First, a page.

Edwards B, Zurek B, van Dedem E, et al., 2019, Simulations for the development of a ground motion model for induced seismicity in the Groningen gas field, the Netherlands, Bulletin of Earthquake Engineering, Vol: 17, Pages: 4441-4456, ISSN: 1570-761X
We present simulations performed for the development of a ground motion model for induced earthquakes in the Groningen gas field. The largest recorded event, with M3.5, occurred in 2012 and, more recently, a M3.4 event in 2018 led to recorded ground accelerations exceeding 0.1 g. As part of an extensive hazard and risk study, it has been necessary to predict ground motions for scenario earthquakes up to M7. In order to achieve this, while accounting for the unique local geology, a range of simulations have been performed using both stochastic and full-waveform finite-difference simulations. Due to frequency limitations and lack of empirical calibration of the latter approach, input simulations for the ground motion model used in the hazard and risk analyses have been performed with a finite-fault stochastic method. However, in parallel, extensive studies using the finite-difference simulations have guided inputs and modelling considerations for these simulations. Three approaches are used: (1) the finite-fault stochastic method, (2) elastic point- and (3) finite-source 3D finite-difference simulations. We present a summary of the methods and their synthesis, including both amplitudes and durations within the context of the hazard and risk model. A unique form of wave-propagation with strong lateral focusing and defocusing is evident in both peak amplitudes and durations. The results clearly demonstrate the need for a locally derived ground motion model and the potential for reduction in aleatory variability in moving toward a path-specific fully non-ergodic model.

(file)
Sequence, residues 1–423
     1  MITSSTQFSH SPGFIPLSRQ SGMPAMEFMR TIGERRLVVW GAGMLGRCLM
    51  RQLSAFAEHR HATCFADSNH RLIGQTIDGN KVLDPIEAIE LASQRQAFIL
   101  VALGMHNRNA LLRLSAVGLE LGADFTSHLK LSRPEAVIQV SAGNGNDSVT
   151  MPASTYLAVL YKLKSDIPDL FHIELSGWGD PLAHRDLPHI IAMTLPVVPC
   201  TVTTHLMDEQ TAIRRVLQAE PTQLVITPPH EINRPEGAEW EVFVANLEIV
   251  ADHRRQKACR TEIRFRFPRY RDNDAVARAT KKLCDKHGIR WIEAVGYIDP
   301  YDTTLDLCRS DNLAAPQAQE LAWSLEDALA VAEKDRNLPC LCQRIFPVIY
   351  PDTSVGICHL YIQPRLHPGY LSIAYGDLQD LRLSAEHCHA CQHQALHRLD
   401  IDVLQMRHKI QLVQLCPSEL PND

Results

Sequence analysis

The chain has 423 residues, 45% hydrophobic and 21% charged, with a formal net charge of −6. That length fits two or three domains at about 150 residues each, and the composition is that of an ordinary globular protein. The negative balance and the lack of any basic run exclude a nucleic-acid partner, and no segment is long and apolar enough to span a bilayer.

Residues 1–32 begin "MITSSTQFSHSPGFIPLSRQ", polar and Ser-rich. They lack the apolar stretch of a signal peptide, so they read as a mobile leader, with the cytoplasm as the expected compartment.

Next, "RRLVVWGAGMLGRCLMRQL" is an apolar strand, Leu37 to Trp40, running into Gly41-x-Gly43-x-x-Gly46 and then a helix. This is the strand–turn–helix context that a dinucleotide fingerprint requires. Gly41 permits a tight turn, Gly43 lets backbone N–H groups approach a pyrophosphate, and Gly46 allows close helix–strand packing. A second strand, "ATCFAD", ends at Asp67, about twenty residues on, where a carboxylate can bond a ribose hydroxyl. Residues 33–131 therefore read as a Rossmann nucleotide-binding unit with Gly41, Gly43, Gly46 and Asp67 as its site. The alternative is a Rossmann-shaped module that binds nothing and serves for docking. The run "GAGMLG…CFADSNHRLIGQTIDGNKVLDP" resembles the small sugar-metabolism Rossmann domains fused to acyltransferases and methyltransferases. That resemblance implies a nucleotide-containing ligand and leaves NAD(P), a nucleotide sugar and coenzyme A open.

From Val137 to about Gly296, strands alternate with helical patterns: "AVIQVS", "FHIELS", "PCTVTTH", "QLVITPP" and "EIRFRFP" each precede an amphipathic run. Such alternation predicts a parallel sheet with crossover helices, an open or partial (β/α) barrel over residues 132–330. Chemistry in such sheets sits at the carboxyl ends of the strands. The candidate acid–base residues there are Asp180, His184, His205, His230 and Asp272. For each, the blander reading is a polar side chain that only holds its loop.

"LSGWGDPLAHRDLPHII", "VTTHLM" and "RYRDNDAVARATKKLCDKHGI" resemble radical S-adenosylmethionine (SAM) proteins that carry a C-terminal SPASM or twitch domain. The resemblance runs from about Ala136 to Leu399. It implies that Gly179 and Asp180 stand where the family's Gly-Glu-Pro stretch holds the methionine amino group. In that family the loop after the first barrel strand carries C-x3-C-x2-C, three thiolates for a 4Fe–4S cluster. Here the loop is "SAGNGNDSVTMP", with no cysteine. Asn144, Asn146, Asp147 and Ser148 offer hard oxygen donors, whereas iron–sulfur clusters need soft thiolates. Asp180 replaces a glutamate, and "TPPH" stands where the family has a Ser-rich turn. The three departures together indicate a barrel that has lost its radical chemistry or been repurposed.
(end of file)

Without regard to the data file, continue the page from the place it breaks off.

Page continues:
Stafford PJ, Zurek BD, Ntinalexis M, et al., 2019, Extensions to the Groningen ground-motion model for seismic risk calculations: component-to-component variability and spatial correlation, Bulletin of Earthquake Engineering, Vol: 17, Pages: 4417-4439, ISSN: 1573-1456